UK Cameron's party pledges budget surplus if it wins election
MANCHESTER, England (Reuters) - Finance minister George Osborne promised he would continue to cut spending to wipe out Britain's budget deficit if the Conservatives won the 2015 election, but signaled there could be more money for infrastructure investment.
At an annual conference where the Conservatives are setting out policy ideas before the election, Osborne said he would return Britain to a budget surplus during the next parliament, as long as the country's economy continued to mend.
"When we've dealt with Labour's deficit, we will have a surplus in good times as insurance against difficult times ahead," Osborne said, referring to the large shortfall in Britain's public accounts at the time of the 2010 election.
"And provided the recovery is sustained, our goal is to achieve that surplus in the next parliament."
Osborne's original plans to fix Britain's public accounts have been pushed back as the economy grew much more slowly than forecast in recent years.
When the Conservatives ousted Labour from power in 2010, Osborne said he would work over the five-year parliament to nearly eradicate the current budget deficit as measured in cyclically adjusted terms - which do not include the effects of swings in the economy or investment spending.
Those plans are now running behind that schedule.
In his speech on Monday, Osborne adopted a new target, saying he would aim for a budget surplus in absolute terms - including investment and economic swings - during the next parliament which is scheduled to run until 2020.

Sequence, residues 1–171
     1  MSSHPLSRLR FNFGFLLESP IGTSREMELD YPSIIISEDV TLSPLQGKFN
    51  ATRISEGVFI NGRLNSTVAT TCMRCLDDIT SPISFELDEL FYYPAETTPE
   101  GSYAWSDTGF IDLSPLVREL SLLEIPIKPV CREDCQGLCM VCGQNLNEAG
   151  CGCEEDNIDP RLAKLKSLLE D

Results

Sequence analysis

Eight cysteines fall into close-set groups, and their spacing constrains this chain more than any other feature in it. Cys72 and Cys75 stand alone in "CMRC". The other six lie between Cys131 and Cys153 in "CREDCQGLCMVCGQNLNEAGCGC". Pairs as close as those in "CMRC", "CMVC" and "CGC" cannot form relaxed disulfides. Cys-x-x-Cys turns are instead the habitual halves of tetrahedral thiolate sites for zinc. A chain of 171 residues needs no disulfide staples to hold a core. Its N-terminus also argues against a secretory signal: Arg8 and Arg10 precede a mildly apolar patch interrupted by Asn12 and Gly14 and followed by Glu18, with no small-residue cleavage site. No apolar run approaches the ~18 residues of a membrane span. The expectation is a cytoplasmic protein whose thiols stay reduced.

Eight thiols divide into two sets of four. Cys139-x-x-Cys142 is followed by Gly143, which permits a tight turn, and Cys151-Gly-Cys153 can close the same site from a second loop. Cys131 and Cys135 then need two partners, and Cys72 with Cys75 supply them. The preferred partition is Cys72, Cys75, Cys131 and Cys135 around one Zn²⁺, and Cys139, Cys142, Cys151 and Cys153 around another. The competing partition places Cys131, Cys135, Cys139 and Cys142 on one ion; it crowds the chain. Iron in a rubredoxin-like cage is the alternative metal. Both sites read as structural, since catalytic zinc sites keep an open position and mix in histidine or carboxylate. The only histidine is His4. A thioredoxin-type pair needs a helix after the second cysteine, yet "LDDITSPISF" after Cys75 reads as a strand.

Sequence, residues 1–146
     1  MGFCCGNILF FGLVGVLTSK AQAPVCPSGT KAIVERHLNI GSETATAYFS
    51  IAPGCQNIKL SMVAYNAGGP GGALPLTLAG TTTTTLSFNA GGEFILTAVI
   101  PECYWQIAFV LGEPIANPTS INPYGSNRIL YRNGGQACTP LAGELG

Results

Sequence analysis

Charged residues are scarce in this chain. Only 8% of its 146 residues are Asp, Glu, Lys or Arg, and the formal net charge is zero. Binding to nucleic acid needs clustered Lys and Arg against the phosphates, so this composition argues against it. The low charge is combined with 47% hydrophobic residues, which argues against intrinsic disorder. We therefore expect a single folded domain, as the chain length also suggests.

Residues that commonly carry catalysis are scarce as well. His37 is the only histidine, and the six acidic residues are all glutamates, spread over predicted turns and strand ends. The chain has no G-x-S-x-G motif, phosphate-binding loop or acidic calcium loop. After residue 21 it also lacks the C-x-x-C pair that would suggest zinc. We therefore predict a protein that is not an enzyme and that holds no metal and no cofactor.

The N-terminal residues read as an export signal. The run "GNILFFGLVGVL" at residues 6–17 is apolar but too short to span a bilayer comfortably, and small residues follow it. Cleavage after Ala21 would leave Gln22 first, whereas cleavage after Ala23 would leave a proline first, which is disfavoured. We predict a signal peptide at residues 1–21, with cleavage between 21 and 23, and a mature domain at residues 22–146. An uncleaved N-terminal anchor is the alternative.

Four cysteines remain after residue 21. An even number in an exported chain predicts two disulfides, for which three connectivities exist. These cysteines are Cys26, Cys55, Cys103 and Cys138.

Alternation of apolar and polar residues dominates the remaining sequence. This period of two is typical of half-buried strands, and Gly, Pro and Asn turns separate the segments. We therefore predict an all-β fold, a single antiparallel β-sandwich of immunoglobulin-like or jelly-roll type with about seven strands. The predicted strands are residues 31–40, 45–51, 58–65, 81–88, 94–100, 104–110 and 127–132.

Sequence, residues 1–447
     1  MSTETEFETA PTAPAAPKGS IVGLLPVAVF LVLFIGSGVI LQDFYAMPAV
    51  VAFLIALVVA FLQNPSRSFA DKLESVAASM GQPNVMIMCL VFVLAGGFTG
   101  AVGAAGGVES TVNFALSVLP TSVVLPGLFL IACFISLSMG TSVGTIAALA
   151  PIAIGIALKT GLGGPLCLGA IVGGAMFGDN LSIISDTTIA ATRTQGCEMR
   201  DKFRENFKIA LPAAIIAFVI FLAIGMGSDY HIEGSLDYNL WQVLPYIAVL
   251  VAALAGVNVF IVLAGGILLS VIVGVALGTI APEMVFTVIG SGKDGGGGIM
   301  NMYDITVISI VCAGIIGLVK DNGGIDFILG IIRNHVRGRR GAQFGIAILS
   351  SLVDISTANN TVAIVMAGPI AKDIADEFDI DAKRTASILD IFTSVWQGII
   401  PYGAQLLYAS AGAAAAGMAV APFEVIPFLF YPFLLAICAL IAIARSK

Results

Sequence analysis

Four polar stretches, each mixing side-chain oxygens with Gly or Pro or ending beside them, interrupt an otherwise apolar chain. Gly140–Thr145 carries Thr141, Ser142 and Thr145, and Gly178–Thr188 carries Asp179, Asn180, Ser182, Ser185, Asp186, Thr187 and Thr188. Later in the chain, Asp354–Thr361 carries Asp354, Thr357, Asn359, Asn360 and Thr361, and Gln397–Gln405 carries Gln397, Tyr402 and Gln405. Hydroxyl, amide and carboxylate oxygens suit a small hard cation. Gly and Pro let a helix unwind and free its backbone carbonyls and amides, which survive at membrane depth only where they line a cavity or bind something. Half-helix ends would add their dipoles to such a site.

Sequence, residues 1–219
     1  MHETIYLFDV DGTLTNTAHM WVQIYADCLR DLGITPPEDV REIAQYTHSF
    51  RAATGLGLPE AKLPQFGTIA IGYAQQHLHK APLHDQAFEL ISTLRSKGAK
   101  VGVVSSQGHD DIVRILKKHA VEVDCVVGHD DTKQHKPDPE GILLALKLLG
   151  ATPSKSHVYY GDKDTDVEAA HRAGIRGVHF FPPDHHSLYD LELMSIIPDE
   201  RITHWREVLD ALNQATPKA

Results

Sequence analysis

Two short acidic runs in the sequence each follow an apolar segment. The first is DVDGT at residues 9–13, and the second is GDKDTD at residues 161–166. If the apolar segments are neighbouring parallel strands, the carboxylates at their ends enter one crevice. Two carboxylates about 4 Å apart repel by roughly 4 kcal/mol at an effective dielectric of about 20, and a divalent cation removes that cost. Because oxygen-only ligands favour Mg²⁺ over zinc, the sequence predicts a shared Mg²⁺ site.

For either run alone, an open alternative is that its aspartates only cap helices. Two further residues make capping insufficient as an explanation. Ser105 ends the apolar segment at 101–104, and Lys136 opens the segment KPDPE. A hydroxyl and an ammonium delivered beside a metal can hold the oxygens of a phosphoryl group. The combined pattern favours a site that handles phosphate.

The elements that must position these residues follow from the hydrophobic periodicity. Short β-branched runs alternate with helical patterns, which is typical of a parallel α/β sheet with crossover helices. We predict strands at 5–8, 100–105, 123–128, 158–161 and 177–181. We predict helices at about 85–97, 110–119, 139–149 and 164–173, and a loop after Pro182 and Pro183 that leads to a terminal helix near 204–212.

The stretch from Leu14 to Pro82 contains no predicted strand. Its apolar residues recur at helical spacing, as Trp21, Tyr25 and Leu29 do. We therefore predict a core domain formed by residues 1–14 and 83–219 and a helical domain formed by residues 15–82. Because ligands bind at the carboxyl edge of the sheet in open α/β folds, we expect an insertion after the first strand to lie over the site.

Carl Emmerson, deputy director at the Institute for Fiscal Studies, a think-tank, said the deficit by that measure was forecast by Britain's official budget watchdog to be 42 billion pounds ($67.7 billion) in 2017-18, the last year in its forecasting period.
With the economy now showing signs of recovery, rising tax revenues and lower welfare bills could leave the structural part of the deficit at 12 billion pounds - or 0.6 percent of gross domestic product - by 2017-18, which Osborne would need to close in the following years to meet his new target.
"In normal times that would look like a large but achievable number. In the current climate, it's worth stressing, it's a lot less than the current rate of austerity," Emmerson said.
FIVE MORE YEARS OF CUTS
Osborne's plan depends on his party winning the next election. One opinion poll on Sunday said it was 11 percentage points behind the opposition Labour party.
It would also be largely reliant on the ability of a re-elected Conservative government to stick to tough austerity targets it has already announced for the years up to 2017-18.
In his speech, Osborne proposed tougher new rules for people claiming jobless benefits and said that by spending less on welfare and routine costs, a new Conservative government would pave the way for lower taxes at some point in the future.
He also said a new Conservative government would aim to increase investment spending by at least the same pace as economic growth if it won the 2015 election.
The Labour party has criticized Osborne for not spending more on infrastructure. The International Monetary Fund added to the pressure in May, saying that bringing forward capital spending would help the economy out of its post-recession stagnation, although a recovery has accelerated in recent months.
Osborne said he would spell out his future public finance policies in detail next year.
(Writing by William Schomberg; Editing by)